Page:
A Libby Verdict
There will be a great deal written and said in coming days about the frustrations of the Scooter Libby verdict — that it did not tell us whether someone deliberately blew Valerie Plame Wilson’s cover or erase serious concerns about the prosecutor’s abuse of the First Amendment. Let’s focus first on what the verdict does say.
One of the most senior officials in the White House, Lewis Libby, the chief of staff for Vice President Dick Cheney, was caught lying to the F.B.I. He appears to have been trying to cover up a smear campaign that was orchestrated by his boss against the first person to unmask one of the many untruths that President Bush used to justify invading Iraq. He was charged with those crimes, defended by the best lawyers he could get, tried in an open courtroom and convicted of serious felonies. Mr. Libby walked freely out of the court, had his say in public and will be allowed to appeal.
It was another reminder of how precious the American judicial system is, at a time when it is under serious attack from the same administration Mr. Libby served. That administration is systematically denying the right of counsel, the right to evidence and even the right to be tried to scores of prisoners who may have committed no crimes at all.
And although we still do not know the answer to the original mystery, the case provided a look at the methodical way that Mr. Cheney, Mr. Libby, Karl Rove and others in the Bush inner circle set out to discredit Ms. Wilson’s husband, Joseph Wilson IV. Mr. Wilson, a career diplomat, was sent by the State Department in 2002 to check out a British intelligence report that Iraq had tried to buy uranium from the government of Niger for a secret nuclear weapons program. In his 2003 State of the Union address, Mr. Bush said: “The British government has learned that Saddam Hussein recently sought significant quantities of uranium from Africa.”
In July 2003, Mr. Wilson wrote in an Op-Ed article in The Times that what he had found did not support that claim. The specter of a nuclear-armed Iraq was central to Mr. Bush’s case for rushing to war. So, the trial testimony showed, Mr. Cheney orchestrated an assault on Mr. Wilson’s credibility with the help of Mr. Libby and others. They whispered to journalists that Mr. Wilson’s wife worked at the C.I.A. and that nepotism was the reason he had been chosen for the trip.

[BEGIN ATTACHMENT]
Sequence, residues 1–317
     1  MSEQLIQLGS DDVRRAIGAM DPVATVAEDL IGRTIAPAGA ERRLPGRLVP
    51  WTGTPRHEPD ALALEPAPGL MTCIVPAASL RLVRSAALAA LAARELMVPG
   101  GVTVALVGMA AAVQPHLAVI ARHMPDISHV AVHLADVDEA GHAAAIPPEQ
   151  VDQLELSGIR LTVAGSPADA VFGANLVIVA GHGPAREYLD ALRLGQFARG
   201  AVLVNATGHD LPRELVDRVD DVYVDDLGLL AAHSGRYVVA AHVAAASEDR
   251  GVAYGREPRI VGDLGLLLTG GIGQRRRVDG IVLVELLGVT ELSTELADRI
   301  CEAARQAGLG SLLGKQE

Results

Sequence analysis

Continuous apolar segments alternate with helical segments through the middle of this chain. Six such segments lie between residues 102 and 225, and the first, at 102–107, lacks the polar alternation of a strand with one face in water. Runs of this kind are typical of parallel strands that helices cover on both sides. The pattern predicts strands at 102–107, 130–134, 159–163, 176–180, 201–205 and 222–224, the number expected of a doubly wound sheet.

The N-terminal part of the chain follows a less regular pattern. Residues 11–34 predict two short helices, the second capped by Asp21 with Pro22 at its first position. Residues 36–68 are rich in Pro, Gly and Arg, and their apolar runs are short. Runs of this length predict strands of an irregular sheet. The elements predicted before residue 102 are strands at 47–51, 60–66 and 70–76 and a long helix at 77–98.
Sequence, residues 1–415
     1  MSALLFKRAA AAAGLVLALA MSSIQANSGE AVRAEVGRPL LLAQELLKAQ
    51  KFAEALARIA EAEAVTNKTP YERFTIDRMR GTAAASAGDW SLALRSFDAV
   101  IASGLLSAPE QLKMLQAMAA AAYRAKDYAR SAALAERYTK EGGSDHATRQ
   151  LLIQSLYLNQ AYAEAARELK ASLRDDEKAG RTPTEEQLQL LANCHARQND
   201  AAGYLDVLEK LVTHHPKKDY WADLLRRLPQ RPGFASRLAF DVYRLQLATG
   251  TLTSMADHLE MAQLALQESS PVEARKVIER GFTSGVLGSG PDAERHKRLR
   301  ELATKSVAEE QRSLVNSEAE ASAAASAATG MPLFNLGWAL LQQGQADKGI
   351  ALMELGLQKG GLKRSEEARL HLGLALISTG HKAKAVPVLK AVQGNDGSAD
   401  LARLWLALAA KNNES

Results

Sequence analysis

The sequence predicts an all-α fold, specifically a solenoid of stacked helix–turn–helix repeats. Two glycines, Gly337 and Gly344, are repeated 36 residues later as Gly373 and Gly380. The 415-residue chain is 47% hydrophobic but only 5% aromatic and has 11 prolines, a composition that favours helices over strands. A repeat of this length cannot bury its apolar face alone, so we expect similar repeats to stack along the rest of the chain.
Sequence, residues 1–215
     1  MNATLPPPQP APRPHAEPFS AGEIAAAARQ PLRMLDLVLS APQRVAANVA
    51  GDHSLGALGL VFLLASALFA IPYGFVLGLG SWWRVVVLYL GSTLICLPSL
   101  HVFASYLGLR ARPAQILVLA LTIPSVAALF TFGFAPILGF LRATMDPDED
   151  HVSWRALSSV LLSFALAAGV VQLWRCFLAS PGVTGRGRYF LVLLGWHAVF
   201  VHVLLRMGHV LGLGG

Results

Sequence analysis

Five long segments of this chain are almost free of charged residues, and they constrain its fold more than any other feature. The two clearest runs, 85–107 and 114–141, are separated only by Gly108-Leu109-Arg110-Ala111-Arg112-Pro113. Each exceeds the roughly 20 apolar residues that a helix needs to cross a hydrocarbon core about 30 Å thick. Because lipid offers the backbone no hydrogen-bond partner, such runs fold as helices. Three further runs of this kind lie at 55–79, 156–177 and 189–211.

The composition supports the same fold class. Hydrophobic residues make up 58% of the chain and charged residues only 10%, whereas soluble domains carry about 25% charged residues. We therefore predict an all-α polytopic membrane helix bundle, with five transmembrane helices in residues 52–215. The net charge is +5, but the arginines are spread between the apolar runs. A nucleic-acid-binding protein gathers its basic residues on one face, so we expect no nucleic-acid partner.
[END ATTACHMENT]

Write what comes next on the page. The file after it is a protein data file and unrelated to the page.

That is what we know from the Libby trial, and it is some of the clearest evidence yet that this administration did not get duped by faulty intelligence; at the very least, it cherry-picked and hyped intelligence to justify the war. What Mr. Wilson found, and subsequent investigations confirmed, was that there was one trip in 1999 — not “recently,” but four years before Mr. Bush’s statement — by an Iraqi official to Niger and that during that trip, uranium was never discussed.
What we still do not know is whether a government official used Ms. Wilson’s name despite knowing that she worked undercover. That is a serious offense, which could have put her and all those who had worked with her in danger. We also do not understand why the federal prosecutor, Patrick Fitzgerald, chose to wage war with the news media in assembling his case, going so far as to jail a Times reporter, Judith Miller, for refusing to reveal the name of a confidential source.
The potential damage from that decision remains of real concern. But it was still a breath of fresh air to see someone in this administration, which specializes in secrecy, prevarication and evading blame, finally called to account.